Alot of people on Salt Lake City’s West Side are mad. They’re angry with Mayor Rocky Anderson for putting the kibosh on what he called the “Sprawl Mall,” a proposed 1.3 million-square-foot outlet at 5600 West and Interstate 80.
Some West-Siders had adopted the mega-mall as their own, even though most reside closer to downtown than the area west of Salt Lake City International Airport where the 500-acre project was slated to be built. Nonetheless, it would have been their mall.
It’s true that East Side Salt Lake City residents have a habit of ignoring the West Side. Conversely, it seems West-Siders have adopted the notion of a barrier, too. But theirs is built on indignation—something like the forgotten stepchild. And frankly, they’ve had a gut-full.
Although there were enough votes on the Salt Lake City Council to approve the mega-mall—along with the required zoning change and a funding package that would have relieved developers of $14.5 million in taxes—the mayor convinced two members it was a bad idea. Do the math and you’ll find that the council, with Carlton Christensen recusing himself for potential conflicts of interest, could not override Anderson’s veto. Goodbye mall.
The reaction by some on the West Side was swift and bitter. Jay Ingleby, chairman of the West Salt Lake Community Council, lashed out against the mayor and against Hispanic immigrants, whose businesses carry Spanish names he can’t pronounce or understand. What does the West Side get, he demanded of the mayor.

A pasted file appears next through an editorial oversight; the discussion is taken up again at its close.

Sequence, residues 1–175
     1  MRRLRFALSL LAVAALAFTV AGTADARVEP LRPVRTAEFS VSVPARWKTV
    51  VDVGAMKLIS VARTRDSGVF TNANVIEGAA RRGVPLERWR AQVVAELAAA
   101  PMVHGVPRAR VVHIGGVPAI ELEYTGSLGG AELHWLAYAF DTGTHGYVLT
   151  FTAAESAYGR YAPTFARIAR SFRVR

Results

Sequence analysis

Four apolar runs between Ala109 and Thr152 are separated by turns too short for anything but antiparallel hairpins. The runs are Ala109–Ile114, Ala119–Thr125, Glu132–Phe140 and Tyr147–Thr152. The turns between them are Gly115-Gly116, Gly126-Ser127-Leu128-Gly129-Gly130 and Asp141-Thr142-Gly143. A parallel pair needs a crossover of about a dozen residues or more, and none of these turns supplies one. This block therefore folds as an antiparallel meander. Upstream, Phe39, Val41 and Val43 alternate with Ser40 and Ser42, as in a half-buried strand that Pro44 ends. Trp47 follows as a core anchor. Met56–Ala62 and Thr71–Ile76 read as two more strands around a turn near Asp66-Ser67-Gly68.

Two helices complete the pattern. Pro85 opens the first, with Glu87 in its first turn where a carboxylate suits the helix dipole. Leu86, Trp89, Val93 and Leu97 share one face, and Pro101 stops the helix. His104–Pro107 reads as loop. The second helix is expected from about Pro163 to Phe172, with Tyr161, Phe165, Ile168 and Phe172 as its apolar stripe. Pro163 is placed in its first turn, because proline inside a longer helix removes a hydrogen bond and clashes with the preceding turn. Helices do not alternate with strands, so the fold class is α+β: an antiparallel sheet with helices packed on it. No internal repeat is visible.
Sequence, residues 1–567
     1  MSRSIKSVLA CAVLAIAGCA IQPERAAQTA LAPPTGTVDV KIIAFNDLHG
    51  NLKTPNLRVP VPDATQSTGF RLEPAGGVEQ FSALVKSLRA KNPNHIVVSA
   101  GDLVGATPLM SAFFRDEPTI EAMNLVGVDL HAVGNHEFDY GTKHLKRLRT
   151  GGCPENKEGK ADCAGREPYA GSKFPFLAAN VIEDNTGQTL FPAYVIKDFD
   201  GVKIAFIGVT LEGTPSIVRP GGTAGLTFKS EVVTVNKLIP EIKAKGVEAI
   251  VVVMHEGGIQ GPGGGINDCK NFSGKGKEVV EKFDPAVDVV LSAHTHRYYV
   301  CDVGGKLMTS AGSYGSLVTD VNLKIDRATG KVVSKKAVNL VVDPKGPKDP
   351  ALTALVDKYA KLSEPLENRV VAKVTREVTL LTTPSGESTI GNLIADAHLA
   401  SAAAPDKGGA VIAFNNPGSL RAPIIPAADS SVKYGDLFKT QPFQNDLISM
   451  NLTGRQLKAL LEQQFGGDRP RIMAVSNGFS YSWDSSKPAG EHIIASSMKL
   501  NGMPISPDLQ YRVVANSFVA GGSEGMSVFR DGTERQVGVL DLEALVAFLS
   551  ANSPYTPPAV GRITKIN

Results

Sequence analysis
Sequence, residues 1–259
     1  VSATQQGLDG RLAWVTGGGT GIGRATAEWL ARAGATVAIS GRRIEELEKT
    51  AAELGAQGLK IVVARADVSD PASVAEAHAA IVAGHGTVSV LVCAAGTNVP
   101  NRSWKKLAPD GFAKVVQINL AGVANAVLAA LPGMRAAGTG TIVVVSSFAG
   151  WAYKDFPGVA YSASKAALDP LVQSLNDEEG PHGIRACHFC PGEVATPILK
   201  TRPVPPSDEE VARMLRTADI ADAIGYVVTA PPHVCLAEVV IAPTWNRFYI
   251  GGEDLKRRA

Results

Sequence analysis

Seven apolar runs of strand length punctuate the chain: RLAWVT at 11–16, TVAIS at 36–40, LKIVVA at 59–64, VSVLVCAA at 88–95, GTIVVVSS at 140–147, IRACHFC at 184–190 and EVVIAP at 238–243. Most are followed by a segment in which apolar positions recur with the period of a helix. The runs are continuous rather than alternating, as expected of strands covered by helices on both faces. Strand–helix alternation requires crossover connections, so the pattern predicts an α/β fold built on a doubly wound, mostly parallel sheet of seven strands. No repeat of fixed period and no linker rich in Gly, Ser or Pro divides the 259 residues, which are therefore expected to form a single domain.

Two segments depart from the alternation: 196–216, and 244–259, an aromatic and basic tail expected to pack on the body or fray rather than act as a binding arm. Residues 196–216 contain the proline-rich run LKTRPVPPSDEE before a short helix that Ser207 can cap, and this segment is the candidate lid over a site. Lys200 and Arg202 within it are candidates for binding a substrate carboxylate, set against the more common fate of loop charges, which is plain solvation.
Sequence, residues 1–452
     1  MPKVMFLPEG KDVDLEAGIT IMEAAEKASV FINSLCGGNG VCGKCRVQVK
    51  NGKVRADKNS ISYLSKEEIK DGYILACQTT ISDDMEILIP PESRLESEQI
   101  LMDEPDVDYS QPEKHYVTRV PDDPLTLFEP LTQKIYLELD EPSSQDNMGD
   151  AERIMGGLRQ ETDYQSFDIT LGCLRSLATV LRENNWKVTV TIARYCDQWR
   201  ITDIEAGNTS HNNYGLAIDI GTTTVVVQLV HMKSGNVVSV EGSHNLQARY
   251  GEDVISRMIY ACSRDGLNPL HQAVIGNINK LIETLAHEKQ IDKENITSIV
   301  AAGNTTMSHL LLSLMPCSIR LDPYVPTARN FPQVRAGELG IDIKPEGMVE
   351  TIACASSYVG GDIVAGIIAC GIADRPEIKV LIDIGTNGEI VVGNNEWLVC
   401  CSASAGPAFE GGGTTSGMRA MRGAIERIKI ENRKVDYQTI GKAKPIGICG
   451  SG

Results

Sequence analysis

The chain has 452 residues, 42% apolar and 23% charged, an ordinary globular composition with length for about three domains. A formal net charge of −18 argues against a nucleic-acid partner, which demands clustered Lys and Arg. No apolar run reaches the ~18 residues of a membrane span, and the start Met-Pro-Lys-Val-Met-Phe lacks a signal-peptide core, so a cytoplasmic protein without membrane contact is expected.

That’s a good question.
Since about 1960, urban planning has been left up to developers along the Wasatch Front. The result is a mishmash of subdivisions and strip malls. We didn’t learn from the same mistakes made by other places, most notably California. And that fact is still true today—week after week developers coax eager town councils and mayors with promises of projects and tax revenue, devoid of comprehensive planning.
Contrast that with Salt Lake City’s older neighborhoods—well-planned areas with small pockets of commercial interests, sidewalks and porches that face the street. Believe it or not, urban planners now say that is the proper way to plan communities, rather than what we’ve been doing for the past 40 years.
Rocky made the right move by stopping the mall. It would not have helped the West Side, but would have increased traffic congestion and air pollution. It would also have destabilized a struggling downtown. The mayor has the right idea—go back to neighborhoods where residents can walk to commercial venues.
That’s all fine and dandy, but Jay Ingleby’s discriminatory diatribe aside, the question remains: What does the West Side get?